These new features are powered by the same face-recognition technology Facebook uses to suggest friends you might want to tag in photos and videos. When you review the image that's been flagged, you'll be able to tag yourself in it, leave yourself untagged, or just contact the person who uploaded it.
Rob Sherman, Facebook's deputy chief privacy officer, wrote about the positive potentials - unlocking phones, logging into bank accounts, making digital payments, organizing photos, finding missing or kidnapped children and helping officials confirm passport photos - and the bad - abuse by law enforcement, potential for racial bias and Big Brother-esque government surveillance. Finally, the company is also going to use facial recognition to describe pictures to the visually impaired; someone looking at a photo using a screen-reader can hear which of their friends are in the picture by name. For the time being, those settings are the only means to tinker with facial recognition, with folks being asked to grant Facebook permission to use facial recognition across the service.
Have you ever wondered how many photos of you are floating around Facebook without your knowledge?
Both features will be turned on-or-off via a single toggle in Facebook's settings, Candela said. Facebook still respects the privacy settings of people posting photos, so you won't get a notification for photos when you're not in the audience.
North Korea to blame for WannaCry cyberattack
Some experts later concluded the ransom threat may have been a distraction meant to disguise a more destructive intent. The latest reports, however, suggest the United States is going to formally accuse North Korea of the attacks soon .
Are you anxious about frenemies posting unflattering images of you on Facebook?
The social media giant will soon roll out "optional tools to help people better manage their identity on Facebook using face recognition", according to a blog post by Joaquin Quiñonero Candela, its Director of Applied Machine Learning. The new system adds to that, identifying who specifically is in the image, even if they've not been manually tagged first. The site will now recognize new accounts made by people you have blocked and prevent the new account from sending you friend requests or messages. Apple replaced its fingerprint reader with a facial recognition camera to unlock its latest iPhone, and also uses facial recognition to sort photos.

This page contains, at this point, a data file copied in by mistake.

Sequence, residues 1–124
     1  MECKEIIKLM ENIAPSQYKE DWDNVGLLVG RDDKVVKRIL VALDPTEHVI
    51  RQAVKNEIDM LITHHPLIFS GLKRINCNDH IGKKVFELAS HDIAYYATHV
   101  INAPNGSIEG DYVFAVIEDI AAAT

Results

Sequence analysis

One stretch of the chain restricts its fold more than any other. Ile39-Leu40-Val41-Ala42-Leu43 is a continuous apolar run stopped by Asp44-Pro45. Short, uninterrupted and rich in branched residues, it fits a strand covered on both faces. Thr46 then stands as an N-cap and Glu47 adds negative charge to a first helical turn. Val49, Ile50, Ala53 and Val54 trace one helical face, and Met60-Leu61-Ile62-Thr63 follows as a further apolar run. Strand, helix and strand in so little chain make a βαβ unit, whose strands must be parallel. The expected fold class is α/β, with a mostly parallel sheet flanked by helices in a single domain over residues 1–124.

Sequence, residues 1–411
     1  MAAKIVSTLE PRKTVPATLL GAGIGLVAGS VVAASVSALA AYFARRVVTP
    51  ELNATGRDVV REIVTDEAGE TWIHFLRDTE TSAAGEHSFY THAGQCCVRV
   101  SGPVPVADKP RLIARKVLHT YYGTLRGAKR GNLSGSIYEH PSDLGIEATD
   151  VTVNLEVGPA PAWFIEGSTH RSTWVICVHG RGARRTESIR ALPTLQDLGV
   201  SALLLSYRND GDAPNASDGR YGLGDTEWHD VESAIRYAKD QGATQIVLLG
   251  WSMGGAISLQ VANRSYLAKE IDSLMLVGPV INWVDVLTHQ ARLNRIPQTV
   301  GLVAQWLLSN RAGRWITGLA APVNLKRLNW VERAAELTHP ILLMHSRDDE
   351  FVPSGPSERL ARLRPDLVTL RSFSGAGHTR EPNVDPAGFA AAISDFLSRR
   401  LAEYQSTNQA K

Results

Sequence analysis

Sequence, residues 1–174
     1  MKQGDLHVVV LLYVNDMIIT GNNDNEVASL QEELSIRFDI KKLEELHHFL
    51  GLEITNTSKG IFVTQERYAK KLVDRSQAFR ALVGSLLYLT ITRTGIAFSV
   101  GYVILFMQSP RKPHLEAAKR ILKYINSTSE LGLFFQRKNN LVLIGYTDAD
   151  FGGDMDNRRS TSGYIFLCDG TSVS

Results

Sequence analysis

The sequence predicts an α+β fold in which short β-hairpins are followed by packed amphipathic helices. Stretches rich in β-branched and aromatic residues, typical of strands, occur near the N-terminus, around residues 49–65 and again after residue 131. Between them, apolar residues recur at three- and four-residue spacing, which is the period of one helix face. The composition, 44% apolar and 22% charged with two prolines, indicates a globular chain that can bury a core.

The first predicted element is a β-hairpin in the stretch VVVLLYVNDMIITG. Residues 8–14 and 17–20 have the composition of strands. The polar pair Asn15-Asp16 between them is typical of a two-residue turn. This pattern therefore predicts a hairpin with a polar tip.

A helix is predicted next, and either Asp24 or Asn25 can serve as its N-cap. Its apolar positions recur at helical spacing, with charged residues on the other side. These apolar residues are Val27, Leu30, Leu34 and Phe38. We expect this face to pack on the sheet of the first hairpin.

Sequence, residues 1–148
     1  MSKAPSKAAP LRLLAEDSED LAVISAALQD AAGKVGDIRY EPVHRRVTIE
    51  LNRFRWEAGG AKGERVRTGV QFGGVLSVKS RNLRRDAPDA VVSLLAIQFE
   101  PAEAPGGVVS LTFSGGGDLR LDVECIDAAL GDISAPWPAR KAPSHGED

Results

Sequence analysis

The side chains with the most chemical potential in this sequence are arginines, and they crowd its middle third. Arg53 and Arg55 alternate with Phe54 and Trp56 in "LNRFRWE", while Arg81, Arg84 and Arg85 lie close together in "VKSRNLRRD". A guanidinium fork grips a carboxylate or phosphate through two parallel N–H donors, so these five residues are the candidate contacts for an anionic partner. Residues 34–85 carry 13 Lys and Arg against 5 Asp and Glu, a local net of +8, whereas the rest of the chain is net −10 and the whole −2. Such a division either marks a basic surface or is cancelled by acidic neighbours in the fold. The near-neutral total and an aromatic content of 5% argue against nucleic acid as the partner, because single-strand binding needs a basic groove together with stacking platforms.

Facebook says the feature is rolling out now, except in Canada and the EU.
The new settings will appear on Facebook platforms everywhere, with the exception of Canada and the European Union, where the company doesn't offer facial recognition.
- WWE announce details regarding first ever Women's Royal Rumble match
- Turkish FM to head to USA for United Nations vote on Jerusalem
- Ofcom confirms new rules to ease mobile number porting
- Samsung Galaxy A8 (2018), Galaxy A8+ (2018) launched: Price, Specifications, and more
- Jonghyun: Fans mourn death of SHINee K-pop star
- People With Egg Allergies Can Now Get The Traditional Flu Shot
- When is it? What time does it start? How to watch
- NFL Predictions: Will Falcons cover Spread vs. Bucs on MNF? 12/18/17
- Mild Now, Much Colder by Christmas
- Bengals HC Marvin Lewis Plans To Leave Team Following The 2017 Season